(f) Prolactin (PRL) or Mamotrophin hormone (MTH) or Luteotrophic Hormone (ETH) Lactotrophs secrete Prolactin (PRL), which initiates milk production in the mammary glands, together with other hormones. By itself, PRL has only a weak effect. Only after the mammary glands have been primed by estrogens, progesterone, glucocorticoids, hGH, thyroxine, and insulin, which exert permissive effects, does PRL bring about milk secretion. of milk from the mammary glands depends on the hormone oxytocin, released Ejection from the posterior pituitary. Together, milk secretion and ejection constitute lactation. Prolactin level rises during pregnancy, stimulated by prolactin-releasing hormone (PRH) from the hypothalamus. The sucking action of a nursing infant causes a reduction in the hypothalamic secretion of prolactin-inhibiting hormone (PIH), which is dopamine. Increased levels of estrogen and progesterone (as the menstrual cycle begins) increase the secretion of PIH and the prolactin level drops.
- The function of prolactin is not known in males, but its hypersecretion causes erectile dysfunction (impotence). In females, hypersecretion of prolactin causes galactorrhea (inappropriate lactation) and amenorrhea (absence of menstrual cycles).
(g) Melanocyte-stimulating hormone (MSH): Some corticotrophs, remnants of the intermediate lobe, secrete melanocyte-stimulating hormone (MSH). MSH increases skin pigmentation in amphibians by stimulating the dispersion of melanin granules in melanocytes. Its exact role in humans is unknown, but the presence of MSH receptors in the brain suggests it may influence brain activity. There is little circulating MSH in humans. However, continued administration of MSH for several days does produce a darkening of the skin. Excessive levels of CRH can stimulate MSH release; dopamine inhibits MSH release.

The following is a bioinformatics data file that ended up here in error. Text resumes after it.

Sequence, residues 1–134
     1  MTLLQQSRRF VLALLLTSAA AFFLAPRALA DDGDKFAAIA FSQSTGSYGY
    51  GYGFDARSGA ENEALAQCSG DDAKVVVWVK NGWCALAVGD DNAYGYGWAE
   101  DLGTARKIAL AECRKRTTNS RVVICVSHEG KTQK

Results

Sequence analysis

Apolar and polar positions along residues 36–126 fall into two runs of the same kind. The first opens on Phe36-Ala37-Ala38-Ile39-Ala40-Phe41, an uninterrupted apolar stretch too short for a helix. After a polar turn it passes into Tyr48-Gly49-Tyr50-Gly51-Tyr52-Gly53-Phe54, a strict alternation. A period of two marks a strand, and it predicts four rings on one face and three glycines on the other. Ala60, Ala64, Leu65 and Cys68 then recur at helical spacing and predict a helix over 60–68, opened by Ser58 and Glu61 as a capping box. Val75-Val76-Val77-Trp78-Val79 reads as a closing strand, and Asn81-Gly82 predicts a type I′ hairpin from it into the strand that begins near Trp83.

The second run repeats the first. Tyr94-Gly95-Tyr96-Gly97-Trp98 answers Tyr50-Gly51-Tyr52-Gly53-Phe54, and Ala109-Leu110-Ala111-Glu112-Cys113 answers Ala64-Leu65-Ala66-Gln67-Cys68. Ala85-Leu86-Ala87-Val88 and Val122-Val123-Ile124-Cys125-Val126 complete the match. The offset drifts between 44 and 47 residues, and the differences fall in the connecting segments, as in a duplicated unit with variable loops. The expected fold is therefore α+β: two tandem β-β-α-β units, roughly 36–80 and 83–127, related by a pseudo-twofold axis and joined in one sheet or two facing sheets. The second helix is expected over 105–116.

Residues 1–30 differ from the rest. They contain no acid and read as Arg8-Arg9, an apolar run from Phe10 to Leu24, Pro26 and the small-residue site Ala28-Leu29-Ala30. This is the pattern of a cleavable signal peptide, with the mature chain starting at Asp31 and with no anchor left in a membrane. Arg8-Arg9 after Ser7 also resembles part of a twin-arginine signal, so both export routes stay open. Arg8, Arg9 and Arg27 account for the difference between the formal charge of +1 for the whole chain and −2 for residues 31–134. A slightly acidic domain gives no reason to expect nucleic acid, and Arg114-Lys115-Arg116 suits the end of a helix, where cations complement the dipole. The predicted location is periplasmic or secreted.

Hormones of the Posterior Pituitary
The secretion of the posterior lobe is known as pituitrin and it contains two hormones : (i) Oxytocin or Pitocin, and (ii) antidiuretic hormone (ADH). They are synthesized in the hypothalamus and released into the capillary plexus of the infundibular process in the posterior pituitary. From this plexus, hormones pass into the posterior hypophyseal veins for distribution to target cells in the other tissues.
(a) Oxytocin (OT; Pitocin): Oxytocin promotes contraction of the uterine muscle and contraction of the myoepithelial cells of the lactating breast, squeezing milk into the large ducts behind the nipple. The amount of oxytocin secreted is increased just before and during labor and by sucking off the infant. Because of its role, oxytocin is called “birth hormone” and “milk ejecting hormone”.
- The function of oxytocin in males and non-pregnant females is not clear. Experiments with animals have suggested that it has actions within the brain that fosters parental caretaking behavior toward young offspring. It may also be responsible, in part, for the feelings of sexual pleasure during and after intercourse.
(b) Antidiuretic Hormone (ADH) or Vasopressin or Pitressin: This hormone has two main functions: